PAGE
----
3 min

Working the ex factor

There are a lot of myths surrounding gay life. Myths like the idea that we’re all tasteful, witty and smart or the one that says we’re all having hot, varied sex every night of the week. But of all the self-serving myths that surround us, and which we actively encourage, one of the most hokey has to be the idea that we always remain friends with our exes.

We don’t, of course. Surveying my own crowded field of exes, I realize (sometimes with relief, sometimes with regret) that I’m not talking to most of them.

People drift apart for all kinds of reasons, not just because of post-breakup pain. They develop different interests, different tastes, even different orientations. In the old days, and perhaps even today in traditional cultures, men often had affairs and then left to get married to women. If you read Christopher Isherwood’s biography it’s quite amazing how many of his lovers from the 1930s and 1940s later went straight. We may still talk to exes like that but it’s as if from across a great divide.

Even with the best will in the world it’s not easy to convert lovers to friends. We won’t go into all the problems of short-term exes, like finding yourself at a party talking to someone and wondering why there is a certain edge to the conversation until you remember that the two of you slept together long ago and it didn’t go well. That’s another story.

We’re talking about situations where the relationship was long enough to develop its own history, culture and reality. Relationships that intense don’t willingly fade into the background and sometimes you have to give them a good kick and a lot of distance before they’ll settle into “just friends.”

Years ago an ex and I tried to remain friends but we kept having sex and then, in a major fit of denial, tried to pretend it was just casual. Of course it all blew up and I ended up talking to one of those nice professionals who think 45 minutes is an hour. (“We have to end now but we’ll come back to this next week.”)

It seemed like a swell idea at the time, especially when we were having the sex we weren’t supposed to be having but, in retrospect, it caused more pain than any clean breakup could have. If you really want to remain friends take my advice: skip the legendary “sex with the ex” and allow yourself (and your emotions) some time to cool off. It’s not going to work otherwise. Not unless you’re really good at setting boundaries. Like Ironman good.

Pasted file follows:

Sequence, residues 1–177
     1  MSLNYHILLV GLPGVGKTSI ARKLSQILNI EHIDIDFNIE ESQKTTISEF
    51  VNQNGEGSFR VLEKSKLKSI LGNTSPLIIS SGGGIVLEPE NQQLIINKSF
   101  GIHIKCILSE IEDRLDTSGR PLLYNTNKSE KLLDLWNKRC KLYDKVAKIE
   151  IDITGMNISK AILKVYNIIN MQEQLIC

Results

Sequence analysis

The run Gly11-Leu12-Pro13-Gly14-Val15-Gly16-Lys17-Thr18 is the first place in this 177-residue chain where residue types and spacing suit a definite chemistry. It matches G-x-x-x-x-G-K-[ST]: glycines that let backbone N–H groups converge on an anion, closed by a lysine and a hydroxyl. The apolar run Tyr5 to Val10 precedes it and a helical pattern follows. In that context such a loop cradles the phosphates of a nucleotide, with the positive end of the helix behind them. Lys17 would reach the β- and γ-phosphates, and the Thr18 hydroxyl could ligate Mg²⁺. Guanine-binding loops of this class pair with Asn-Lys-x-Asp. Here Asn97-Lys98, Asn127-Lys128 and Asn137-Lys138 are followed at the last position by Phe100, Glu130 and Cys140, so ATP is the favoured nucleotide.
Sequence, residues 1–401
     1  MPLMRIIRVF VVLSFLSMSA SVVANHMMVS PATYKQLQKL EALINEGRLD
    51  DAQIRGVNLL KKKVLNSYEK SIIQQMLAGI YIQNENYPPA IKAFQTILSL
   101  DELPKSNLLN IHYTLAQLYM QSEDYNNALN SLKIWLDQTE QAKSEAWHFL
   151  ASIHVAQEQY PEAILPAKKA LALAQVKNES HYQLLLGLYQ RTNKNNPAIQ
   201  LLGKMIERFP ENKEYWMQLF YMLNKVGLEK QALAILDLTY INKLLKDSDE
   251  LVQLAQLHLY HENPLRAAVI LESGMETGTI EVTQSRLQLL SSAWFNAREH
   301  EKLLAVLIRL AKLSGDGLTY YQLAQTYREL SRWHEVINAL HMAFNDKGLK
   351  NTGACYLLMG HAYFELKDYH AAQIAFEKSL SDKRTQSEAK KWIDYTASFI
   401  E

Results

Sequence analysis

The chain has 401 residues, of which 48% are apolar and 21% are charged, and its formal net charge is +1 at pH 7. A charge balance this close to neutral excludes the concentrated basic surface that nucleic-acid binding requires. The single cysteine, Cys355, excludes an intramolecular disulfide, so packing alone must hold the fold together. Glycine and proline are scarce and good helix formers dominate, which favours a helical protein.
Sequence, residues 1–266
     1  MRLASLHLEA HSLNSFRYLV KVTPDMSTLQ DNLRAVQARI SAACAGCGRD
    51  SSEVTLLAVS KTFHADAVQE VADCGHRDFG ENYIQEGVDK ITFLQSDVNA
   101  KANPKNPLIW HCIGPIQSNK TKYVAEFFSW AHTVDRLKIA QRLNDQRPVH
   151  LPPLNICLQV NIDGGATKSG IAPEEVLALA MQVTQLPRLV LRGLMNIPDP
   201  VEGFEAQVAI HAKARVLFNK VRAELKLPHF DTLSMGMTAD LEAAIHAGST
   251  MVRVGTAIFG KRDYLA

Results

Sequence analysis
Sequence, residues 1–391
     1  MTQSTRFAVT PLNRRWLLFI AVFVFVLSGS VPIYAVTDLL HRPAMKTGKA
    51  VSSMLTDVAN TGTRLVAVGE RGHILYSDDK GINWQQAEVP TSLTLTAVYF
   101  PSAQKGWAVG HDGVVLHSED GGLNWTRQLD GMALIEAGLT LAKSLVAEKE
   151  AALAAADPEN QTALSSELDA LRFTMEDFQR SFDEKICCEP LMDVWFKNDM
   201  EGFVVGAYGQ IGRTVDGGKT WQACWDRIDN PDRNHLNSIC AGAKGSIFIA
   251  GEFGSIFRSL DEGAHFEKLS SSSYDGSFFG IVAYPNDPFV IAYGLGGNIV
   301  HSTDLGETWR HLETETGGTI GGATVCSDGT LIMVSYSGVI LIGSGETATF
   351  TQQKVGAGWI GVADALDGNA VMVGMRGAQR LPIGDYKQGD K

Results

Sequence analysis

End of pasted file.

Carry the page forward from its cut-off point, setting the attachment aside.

Once you’ve been intimate with someone you can’t ever go back and that can be both good and bad. Good in that it’s a spur to friendship. Bad in that it complicates life. As a friend’s therapist once remarked, we react more intensely to people with whom we’ve been intimate. It’s a habit that may weaken but never quite dies.

You can see at least some of that dynamic at work in the groundbreaking 1986 film Parting Glances where the hero is torn between his ex and his current boyfriend. He may not be sleeping with the ex but the tension is still there.

I don’t know enough about the lesbian scene to comment but I’m guessing the same dynamic operates there. The best friend of the heroine in the new lesbian dramedy Exes and Ohs (from the US channel Logo) is, of course, also her ex. A 2004 book on lesbian exes is subtitled The Really Long-term Relationships.

Yet for all the problems involved in repurposing exes, it’s a practice of which we can be justifiably proud. The emotional equivalent of recycling, it allows you to get a little more mileage out of a worn but still viable (at some level) relationship.

Sometimes we can be a bit smug about it, as though we, unlike every other human being on the planet, were somehow above jealousy, petty rivalries and hurt feelings. Nothing could be further from the truth, of course. But it is true, I think, that gays are more likely than straights to turn exes into friends, and it adds a depth and a texture to gay social life that’s noticeably lacking elsewhere, producing friends who are somewhere between casual and amorously intimate. Some of my closest friends are exes of one sort of another and they add immeasurably to my life.

Having so many exes at play is like being part of a large family where there are so many cousins you can’t remember the exact degree of relationship. First cousin? Second cousin? Second cousin once removed? The exact degree of intimacy is sometimes hard to ascertain but it’s comforting all the same.